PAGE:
Was it not the “sacred right” of citizens to vote the reason why colonists rebelled against their own government in the 1770s? “No taxation without representation,” meant a great deal to colonists at the time. At the core of that concept was the genuine desire of the people to have  a voice in the running of the government. However, it is truly up to the people whether they recognize or utilize the sacredness of the right to help in determining the way their government is operating. Nevertheless, if that sacred right is now merely an illusion, it is the right of the people to question those who are entrenched in power, and to measure their actions according to the value they place on the right of the citizens to vote.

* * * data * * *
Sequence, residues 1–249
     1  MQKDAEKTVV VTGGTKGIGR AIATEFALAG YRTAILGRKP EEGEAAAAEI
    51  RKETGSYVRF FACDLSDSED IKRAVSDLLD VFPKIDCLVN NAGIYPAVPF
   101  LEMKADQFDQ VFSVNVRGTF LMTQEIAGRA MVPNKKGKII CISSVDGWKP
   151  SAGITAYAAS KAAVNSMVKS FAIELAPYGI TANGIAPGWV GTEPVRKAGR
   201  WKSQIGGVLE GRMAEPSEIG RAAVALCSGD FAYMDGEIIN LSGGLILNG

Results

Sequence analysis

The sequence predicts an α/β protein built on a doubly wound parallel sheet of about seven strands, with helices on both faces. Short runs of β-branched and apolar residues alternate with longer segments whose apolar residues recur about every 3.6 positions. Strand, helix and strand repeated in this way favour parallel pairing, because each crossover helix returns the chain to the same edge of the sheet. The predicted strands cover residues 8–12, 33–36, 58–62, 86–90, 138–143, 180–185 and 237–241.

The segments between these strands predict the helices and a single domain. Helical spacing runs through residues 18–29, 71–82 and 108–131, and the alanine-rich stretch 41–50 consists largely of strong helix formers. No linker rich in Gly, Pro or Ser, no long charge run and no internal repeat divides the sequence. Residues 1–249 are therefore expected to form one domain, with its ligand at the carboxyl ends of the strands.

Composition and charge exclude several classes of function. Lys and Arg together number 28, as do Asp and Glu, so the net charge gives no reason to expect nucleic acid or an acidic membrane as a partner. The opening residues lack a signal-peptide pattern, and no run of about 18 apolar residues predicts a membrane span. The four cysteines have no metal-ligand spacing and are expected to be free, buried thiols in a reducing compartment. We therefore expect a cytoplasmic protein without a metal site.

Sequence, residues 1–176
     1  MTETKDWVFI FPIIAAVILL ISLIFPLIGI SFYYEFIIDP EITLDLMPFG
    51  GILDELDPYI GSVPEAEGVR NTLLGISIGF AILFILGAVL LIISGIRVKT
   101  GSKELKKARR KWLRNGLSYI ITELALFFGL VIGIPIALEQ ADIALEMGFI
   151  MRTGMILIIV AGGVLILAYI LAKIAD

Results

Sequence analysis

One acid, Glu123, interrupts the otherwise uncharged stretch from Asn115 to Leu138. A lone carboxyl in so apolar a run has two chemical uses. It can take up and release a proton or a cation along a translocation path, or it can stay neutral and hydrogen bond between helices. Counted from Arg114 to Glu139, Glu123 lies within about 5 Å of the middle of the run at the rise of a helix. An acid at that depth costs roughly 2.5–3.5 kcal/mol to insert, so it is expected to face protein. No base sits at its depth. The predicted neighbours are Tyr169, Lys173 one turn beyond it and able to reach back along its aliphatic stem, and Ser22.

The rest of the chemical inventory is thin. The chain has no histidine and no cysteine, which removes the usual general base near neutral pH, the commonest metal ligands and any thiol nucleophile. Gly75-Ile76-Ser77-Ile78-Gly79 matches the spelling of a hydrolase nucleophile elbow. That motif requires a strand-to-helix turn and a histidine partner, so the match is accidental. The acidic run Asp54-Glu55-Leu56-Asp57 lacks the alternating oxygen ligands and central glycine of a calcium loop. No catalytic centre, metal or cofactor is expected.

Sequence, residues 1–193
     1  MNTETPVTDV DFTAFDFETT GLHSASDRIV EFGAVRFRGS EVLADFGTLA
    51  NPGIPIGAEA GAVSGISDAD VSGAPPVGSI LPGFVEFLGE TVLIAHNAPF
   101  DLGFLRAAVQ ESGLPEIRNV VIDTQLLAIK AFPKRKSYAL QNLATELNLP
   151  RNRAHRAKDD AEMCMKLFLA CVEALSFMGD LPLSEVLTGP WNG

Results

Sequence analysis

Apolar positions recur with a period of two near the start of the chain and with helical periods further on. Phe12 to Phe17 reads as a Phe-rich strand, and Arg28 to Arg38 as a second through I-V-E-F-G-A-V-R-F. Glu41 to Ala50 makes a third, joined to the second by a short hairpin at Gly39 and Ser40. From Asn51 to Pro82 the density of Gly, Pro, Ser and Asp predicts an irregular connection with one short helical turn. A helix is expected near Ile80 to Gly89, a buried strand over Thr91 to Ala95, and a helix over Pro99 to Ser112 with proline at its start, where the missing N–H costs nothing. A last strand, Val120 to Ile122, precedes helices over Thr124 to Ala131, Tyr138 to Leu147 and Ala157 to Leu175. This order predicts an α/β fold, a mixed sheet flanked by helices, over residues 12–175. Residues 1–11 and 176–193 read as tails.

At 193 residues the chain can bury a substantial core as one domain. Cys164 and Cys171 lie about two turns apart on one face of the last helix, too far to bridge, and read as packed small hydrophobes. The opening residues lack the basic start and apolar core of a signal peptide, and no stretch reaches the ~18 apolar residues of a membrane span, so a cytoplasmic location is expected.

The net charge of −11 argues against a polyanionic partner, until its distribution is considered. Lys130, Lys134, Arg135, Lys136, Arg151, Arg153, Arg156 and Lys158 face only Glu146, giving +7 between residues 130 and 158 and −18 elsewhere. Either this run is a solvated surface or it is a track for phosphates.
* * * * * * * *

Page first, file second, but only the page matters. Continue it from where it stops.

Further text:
Was it not the “sacred right” of voting that black citizens fought for in the Deep South during the Civil Rights Movement? The right to vote, which had been denied for such a long time, was precious to black citizens in that day. At the core of that movement was the genuine desire of the black populace to have a voice in the running of the government in southern states. Yet, it was truly up to those people in that time whether they developed the courage to work for, or fight for, the right to help in determining the way their government was operating. In that time and place, the right was merely an illusion. Eventually, courage and truth challenged those who were entrenched in power, and the true value placed on the rights of citizens to vote became a cornerstone of freedom.